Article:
Aifric Mac Aodha
Tá Aifric Mac Aodha ag obair ina heagarthóir Gaeilge le Poetry Ireland Review, The Stinging Fly agus gorse. D’fhoilsigh An Sagart an chéad chnuasach filíochta léi, Gabháil Syrinx, sa bhliain 2010. Foilsíodh dánta dá cuid ar irisí éagsúla, POETRY Young Irish Poets ina measc. Aistríodh a saothar go teangacha éagsúla, an Fhraincis, an Ghearmáinis, an Iodáilis, an Spáinnis agus an tSeicis san áireamh. Bhronn An Chomhairle Ealaíon mórchuid sparánachtaí uirthi agus ghlac sí páirt i bhféilte ar fud na hEorpa, i Meiriceá, i gCeanada agus san India. Is é Foreign News (The Gallery Press, 2016) an cnuasach is déanaí léi. Tá cónaí uirthi i mBaile Átha Cliath, áit a bhfuil sí ag obair leis an nGúm.
Aifric Mac Aodha is the Irish-language poetry editor of Poetry Ireland Review, gorse and The Stinging Fly. Her first poetry collection, Gabháil Syrinx (The Taking of Syrinx), was published by An Sagart in 2010 and her poetry has been published in various magazines and journals, including POETRY Young Irish Poets. Her work has been translated to many languages, including French, German, Italian, Spanish and Czech. She has been awarded several bursaries by The Arts Council and, in recent years, she has read at numerous festivals in Europe, America, Canada and India. Her latest collection, Foreign News, with translations by David Wheatley, was published by The Gallery Press in 2017. She lives in Dublin where she now works for the Irish-language publisher, An Gúm.
Chiamaka Enyi-Amadi is an Igbo-Irish writer, poet-performer, literary editor and arts facilitator based in Wicklow with her partner. She was selected as a participant in the 2021 Screen Ireland X-Pollinator: ELEVATOR Programme and longlisted for the 2020 An Post Irish Book Awards/Writing.ie Short Story of the Year Award. Her work is widely published in digital and print media platforms, notedly in The Art of the Glimpse: 100 Irish Short Stories anthology edited by Sinéad Gleeson (Head of Zeus, 2020). She is co-editor of Writing Home: The ‘New Irish’ Poets anthology (Dedalus Press, 2019). Find her on Instagram @babysheephead and Twitter @AmadiEnyi.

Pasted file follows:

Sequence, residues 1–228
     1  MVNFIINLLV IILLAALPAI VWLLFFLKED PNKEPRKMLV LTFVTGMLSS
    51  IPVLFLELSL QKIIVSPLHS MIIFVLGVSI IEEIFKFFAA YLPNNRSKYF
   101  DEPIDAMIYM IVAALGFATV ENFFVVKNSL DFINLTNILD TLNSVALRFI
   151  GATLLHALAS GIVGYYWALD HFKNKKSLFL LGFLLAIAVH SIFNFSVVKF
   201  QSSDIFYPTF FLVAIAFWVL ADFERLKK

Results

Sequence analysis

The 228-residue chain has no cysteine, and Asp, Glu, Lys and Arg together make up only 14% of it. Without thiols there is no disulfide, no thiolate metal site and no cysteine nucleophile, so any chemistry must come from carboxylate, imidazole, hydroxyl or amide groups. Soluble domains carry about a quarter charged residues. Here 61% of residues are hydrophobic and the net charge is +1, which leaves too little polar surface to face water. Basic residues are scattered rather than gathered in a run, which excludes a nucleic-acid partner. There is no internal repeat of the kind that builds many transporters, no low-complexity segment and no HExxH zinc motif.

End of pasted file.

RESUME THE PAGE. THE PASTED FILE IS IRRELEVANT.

Bebe Ashley lives in Belfast. Her work is most recently published in bath magg, Poetry Ireland Review, and Modern Poetry in Translation. Her debut collection Gold Light Shining was published by Banshee Press in Oct. 2020. Currently, Bebe is working on a collection poetry that charts her progress towards qualifying as a British Sign Language interpreter.
In 2021, Bebe was longlisted for the Ivan Juritz Prize for Creative Experiment and awarded a Chair of Ireland Poetry Trust Award. Most recently, Bebe was selected by the Arts Council of Northern Ireland and Future Screens NI as one of nine artists to receive a Digital Evolution Award in support of a project Confetti that explores poetic potential of Braille and 3D printing.
Martina Evans grew up in County Cork and trained in Dublin as a radiographer before moving to London in 1988. She is the author of twelve books of poetry and prose. She has won several awards including the Premio Ciampi International Prize for Poetry in 2011. Now We Can Talk Openly About Men (Carcanet 2018) was shortlisted for the 2019 Irish Times Poetry Now Award, the Pigott Poetry Prize and the Roehampton Poetry Prize and was an Observer, TLS and Irish Times Book of the Year in 2018. American Mules, published by Carcanet in 2021, was a TLS and Sunday Independent Book of the Year and is shortlisted for the 2022 Pigott Poetry Prize. She is a Royal Literary Fund Advisory Fellow and poetry critic for the Irish Times.